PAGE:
A whole army of army ants was flowing towards me. When army ants move, they basically decimate the insects in the area. Every insect in the vicinity desperately tries to leave, in any way possible.

army ant//embedr.flickr.com/assets/client-code.js

Of course all this activity attracts the attention of other insectivorous predators …such as birds, who hang around the army ants and pick off the doubly unlucky prey. I saw the motmot make a sweep down and pick off an earthworm. The birds kept at it for the whole morning.


After a while I left the scene. Imagine my surprise a few minutes later that the motmot was joined by a ‘friend’. A second one. I’d never seen two before. The day was complete. As the army ants came closer to the house, the motmots came more out into the open. Hanging around, as if they were enjoying this rare day without the need to hide.


And in the end, emboldened enough to hang out on the fountain, chatting with the Lakshmi statue in the garden.


Motion-triggered defensive display in a tephritid fly

Interactions between prey and predators are
often mediated by signals sent by the prey. Passive signals
such as aposematic coloration and active signals such as
pursuit deterrence signals are thought to prevent attack from
predators. In true fruit flies (Diptera: Tephritidae), the
defensive wing display is called supination, and studies have
shown that supination effectively reduces the chance of
being attacked by salticid predators. In this study, we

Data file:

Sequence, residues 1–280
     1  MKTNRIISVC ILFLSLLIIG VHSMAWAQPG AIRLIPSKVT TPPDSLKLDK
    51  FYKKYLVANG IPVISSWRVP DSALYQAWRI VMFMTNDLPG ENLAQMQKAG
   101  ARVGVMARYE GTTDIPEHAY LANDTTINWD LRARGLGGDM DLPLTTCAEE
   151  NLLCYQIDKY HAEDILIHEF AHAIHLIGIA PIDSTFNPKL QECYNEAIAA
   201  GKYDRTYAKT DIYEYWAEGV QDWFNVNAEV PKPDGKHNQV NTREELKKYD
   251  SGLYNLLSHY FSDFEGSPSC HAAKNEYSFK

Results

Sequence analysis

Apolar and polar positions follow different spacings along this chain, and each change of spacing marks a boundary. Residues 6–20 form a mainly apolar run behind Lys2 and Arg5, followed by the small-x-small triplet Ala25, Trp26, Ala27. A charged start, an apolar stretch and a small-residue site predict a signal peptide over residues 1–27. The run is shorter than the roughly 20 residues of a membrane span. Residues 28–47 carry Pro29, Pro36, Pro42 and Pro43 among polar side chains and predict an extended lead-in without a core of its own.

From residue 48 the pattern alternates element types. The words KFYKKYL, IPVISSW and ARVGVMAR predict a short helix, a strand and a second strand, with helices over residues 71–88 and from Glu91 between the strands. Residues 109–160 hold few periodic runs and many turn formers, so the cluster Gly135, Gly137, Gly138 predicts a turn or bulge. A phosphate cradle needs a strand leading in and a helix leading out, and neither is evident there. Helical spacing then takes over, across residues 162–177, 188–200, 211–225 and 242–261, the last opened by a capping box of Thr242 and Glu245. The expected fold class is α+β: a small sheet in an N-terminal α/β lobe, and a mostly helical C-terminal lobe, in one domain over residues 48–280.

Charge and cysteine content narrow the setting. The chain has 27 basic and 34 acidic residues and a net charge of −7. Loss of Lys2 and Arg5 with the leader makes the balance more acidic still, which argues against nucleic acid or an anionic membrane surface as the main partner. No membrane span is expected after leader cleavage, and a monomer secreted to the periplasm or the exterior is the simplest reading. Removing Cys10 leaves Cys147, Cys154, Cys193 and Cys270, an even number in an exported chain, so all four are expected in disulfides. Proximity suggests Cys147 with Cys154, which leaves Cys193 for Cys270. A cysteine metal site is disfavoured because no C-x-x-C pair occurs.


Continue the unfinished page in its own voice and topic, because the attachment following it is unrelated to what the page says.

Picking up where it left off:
investigated the proximal causes of supination in staged
interactions in an arena. We asked whether the movement of
the display target influences the likelihood of triggering
supination in the Mexican fruit fly Anastrepha ludens
.We tested the effect of motion on fly display in three different
ways using (1) a manually moved dead spider or beetle, (2)
live bouts with a spider and a katydid and (3) video playback
experiments where movement of the display target was
controlled. Our results show that flies are more likely to
perform supination when the display target moves. The
identity of the display target did not influence display
propensity, suggesting that the supination of flies is a gen-
eralised display behaviour against any possible threat

Motion-triggered defensive display in a tephritid fly. Available from: https://www.researchgate.net/publication/281176476_Motion-triggered_defensive_display_in_a_tephritid_fly [accessed Sep 21, 2015].

Source: Motion-triggered defensive display in a tephritid fly